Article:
SPSS statistical package (SPSS 16.0 for Windows, SPSS Inc, Chicago, IL, USA), PAST software (2.17c) [23] and BioDiversity Pro statistics software (2.0) [24] were used for analysis purpose.

An open-ended interview schedule was used among 500 randomly selected fishermen to collect data about the reasons perceived by the fisheries regarding the decline in fish. The ranks given by the respondents were then converted into percentage position with the help of following Garretts Ranking Technique [25].

image

Where, Rij= Rank given to ith constraint by jth individual, Nj= Number of constraints ranked by jth individual.

Results

Hydrological parameters

Higher water temperature (28.35ºC) was found during July 2015 which followed by May 2015 and lower temperature (21.95ºC) during February 2016 (Table 1). A non-significant difference in Temperature was observed during the months of March and September (p<0.05) while a significant difference was found for other four months (July, May, November, and February) (p>0.05). After temperature, another important water quality parameter was pH which found maximum (7.65) during July 2015 where minimum (6.50) for February 2016. A non-significant difference in water pH was found for March, May, and September and for November and February (p<0.05). Dissolved oxygen (DO) was observed maximum (6.95 mg/l) in February 2016 and minimum (5.23 mg/l) in March 2015 (p<0.05). Transparency was found highest (37.17 cm) during February 2016 and lowest (26.07 cm) in the month of March 2015 (p<0.05). But at stations level, a nonsignificant difference among the water quality parameters was shown during the whole study period (p<0.05) (Table 1).

Sampling months  and stations Temperature (ºC) pH DO (mg/l) Transparency (cm)
Mar 25.72 ± 1.04c 7.00 ± 0.09b 5.23 ± 0.12c 26.07 ± 0.65d
May 26.68 ± 0.44b 6.83 ± 0.18b 5.02 ± 0.17d 26.83 ± 1.17d
Jul 28.35 ± 0.75a 7.65 ± 0.10a 5.75 ± 0.14b 26.50 ± 1.05d
Sep 25.55 ± 0.49c 6.98 ± 0.15b 5.62 ± 0.19b 32.67 ± 1.03c
Nov 24.22 ± 0.50d 6.58 ± 0.15c 6.80 ± 0.13a 34.83 ± 1.17b
Feb 21.95 ± 0.65e 6.50 ± 0.13c 6.95 ± 0.14a 37.17 ± 1.17a
St1 25.35 ± 2.15a 6.83 ± 0.43a 5.73 ± 0.86a 30.73 ± 4.85a
St2 25.35 ± 2.69a 7.02 ± 0.41a 5.90 ± 0.79a 30.83 ± 4.96a
St3 25.57 ± 2.13a 7.00 ± 0.51a 5.88 ± 0.86a 30.17 ± 4.79a
St4 25.65 ± 2.10a 6.95 ± 0.37a 5.87 ± 0.83a 30.50 ± 5.47a
St5 25.02 ± 2.26a 6.83 ± 0.38a 5.97 ± 0.78a 30.83 ± 4.96a
St6 25.53 ± 2.25a 6.92 ± 0.44a 6.02 ± 0.74a 31.00 ± 4.56a

Table 1: Hydrological parameters of Sandha River recorded during March 2015 to February 2016.

The temperature had significant positive correlation with pH where r=0.790 and considerable negative correlation with DO and Transparency (p<0.01) where r=-0.690 and -0.803, respectively (Table 2). Water pH shown a positive correlation with temperature where r=0.790 and negative correlation with DO and Transparency where r=-0.492 and -0.670, respectively. DO maintained negative correlation with pH and Temperature and significant positive correlation with Transparency. Transparency had significant negative correlation with Temperature and pH where r= -0.803 and -0.670 and highly positive correlation with DO where r=0.843 (p<0.01) (Table 2). In general, pH mostly temperature dependent and vice-versa whereas DO partially or fully depends on Transparency and vice-versa i.e., one increased or decreased with related to others increasing or decreasing impact.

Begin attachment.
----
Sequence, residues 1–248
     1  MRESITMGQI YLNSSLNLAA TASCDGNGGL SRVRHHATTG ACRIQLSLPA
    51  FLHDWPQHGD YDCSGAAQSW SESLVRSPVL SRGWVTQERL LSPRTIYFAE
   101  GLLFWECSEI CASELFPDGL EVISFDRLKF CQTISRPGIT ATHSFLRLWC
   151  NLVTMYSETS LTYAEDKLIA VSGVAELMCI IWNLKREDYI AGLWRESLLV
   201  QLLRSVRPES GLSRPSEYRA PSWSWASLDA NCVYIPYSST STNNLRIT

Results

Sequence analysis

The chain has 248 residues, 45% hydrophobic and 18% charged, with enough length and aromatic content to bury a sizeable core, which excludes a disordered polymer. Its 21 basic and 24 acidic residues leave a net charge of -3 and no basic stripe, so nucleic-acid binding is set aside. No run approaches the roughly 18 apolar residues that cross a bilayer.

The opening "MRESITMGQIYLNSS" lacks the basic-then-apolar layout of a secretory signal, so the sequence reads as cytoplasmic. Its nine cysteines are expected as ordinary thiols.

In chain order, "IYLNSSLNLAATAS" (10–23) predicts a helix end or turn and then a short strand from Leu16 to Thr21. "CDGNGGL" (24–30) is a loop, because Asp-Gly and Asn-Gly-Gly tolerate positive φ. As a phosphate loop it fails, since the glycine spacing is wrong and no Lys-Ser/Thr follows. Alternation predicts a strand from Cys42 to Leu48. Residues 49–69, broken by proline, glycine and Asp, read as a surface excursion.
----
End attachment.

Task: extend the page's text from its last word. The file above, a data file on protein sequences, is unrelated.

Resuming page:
Temperature pH DO Transparency
Temperature 1 0.790** -0.690** -0.803**
pH 0.790** 1 -0.492** -0.670**
DO -0.690** -0.492** 1 0.843**
Transparency -0.803** -0.670** 0.843** 1

Table 2: Pearson’s correlation coefficient among selected water quality parameters of Sandha River.

Fish assemblage’s structure

A total of 55 fish species with 1968 individuals had been recorded from the catches of different fishing gears used in this experiment (Table 3). The most dominant species both from months and stations found in the Sandha River was Corica soborna with 177 individuals (9%) followed by Puntius ticto having 130 individuals (6.61%) and less dominant species were Hypophthalmichthys molitrix and Dasyatis zugei which contributed single individuals (0.05%) (Table 3 and Figure 2). One alien species named Hypophthalmichthys molitrix was caught during the May 2015 which indicated that the river sometimes is the place of exotic species. Out of 55 species of finfish vulnerable, endangered and critically endangered species were 8, 4 and 4 respectively recorded from Sandha River during the study period.